Using this radius in the compass, a circle is drawn on paper and cut out as a template for cutting the fabric. The circle could now also be traced directly onto the fabric, but I skip this step to avoid marks on the fabric.

For imagining the look of the ornament, you can sketch the planned position of the seam on the template.

I folded my previously well-ironed fabric into two layers and placed the paper template on top.


Holding all layers tightly between your thumb and forefinger, the circles can be cut out quickly and cleanly with sharp fabric scissors, even two at a time !


Two smaller paper circles serve as templates for my filling material.

I saved leftover cotton batting from a quilt for this. The medium-sized one is precisely tailored so that the seam will catch the edge of the material.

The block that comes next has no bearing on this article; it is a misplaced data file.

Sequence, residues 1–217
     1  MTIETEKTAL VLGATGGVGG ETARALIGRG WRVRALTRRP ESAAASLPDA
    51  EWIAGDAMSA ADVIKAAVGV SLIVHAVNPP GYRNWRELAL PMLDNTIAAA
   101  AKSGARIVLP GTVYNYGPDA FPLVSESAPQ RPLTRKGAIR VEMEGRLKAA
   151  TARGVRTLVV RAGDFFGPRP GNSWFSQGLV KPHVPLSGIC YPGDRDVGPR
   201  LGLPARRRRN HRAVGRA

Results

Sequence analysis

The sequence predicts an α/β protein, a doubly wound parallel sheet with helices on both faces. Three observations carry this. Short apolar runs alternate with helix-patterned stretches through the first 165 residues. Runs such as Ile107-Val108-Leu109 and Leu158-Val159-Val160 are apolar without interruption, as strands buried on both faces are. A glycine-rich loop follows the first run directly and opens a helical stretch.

Otherwise it doesn't matter if the circles aren't perfect ! Loose filling cotton or small scraps of fabric are also suitable.

Now it's 'assembly time': one circle of fabric, two small fleeces, one large fleece, another two small fleeces and one final circle of fabric are put together in this order.


The number of layers of fleece required depends on the thickness of the chosen material and how thick the ornaments should be overall.

My “Winter Baking” collection consists of ten different pattern prints. I had at least one scrap of fabric from each of them, so of course they will all be represented as ornaments on our tree this year !